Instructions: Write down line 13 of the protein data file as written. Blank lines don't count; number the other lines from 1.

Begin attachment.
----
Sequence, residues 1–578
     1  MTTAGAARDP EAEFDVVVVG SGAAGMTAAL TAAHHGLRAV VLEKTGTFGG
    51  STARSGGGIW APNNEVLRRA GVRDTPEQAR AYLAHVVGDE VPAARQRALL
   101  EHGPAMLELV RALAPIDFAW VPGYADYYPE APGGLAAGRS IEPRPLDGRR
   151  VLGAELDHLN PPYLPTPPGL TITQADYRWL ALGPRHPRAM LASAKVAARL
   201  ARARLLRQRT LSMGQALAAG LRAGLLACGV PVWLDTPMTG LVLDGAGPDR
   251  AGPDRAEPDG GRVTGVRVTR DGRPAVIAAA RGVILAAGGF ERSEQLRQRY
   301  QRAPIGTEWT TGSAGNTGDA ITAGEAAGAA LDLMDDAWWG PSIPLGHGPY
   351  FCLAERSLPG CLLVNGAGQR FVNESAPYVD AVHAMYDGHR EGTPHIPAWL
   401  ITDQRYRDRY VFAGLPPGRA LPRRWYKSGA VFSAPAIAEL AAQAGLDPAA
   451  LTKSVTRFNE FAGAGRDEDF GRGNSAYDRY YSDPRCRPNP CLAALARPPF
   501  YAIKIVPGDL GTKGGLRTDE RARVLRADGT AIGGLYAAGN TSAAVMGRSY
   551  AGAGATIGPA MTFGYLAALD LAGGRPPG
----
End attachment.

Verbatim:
   551  AGAGATIGPA MTFGYLAALD LAGGRPPG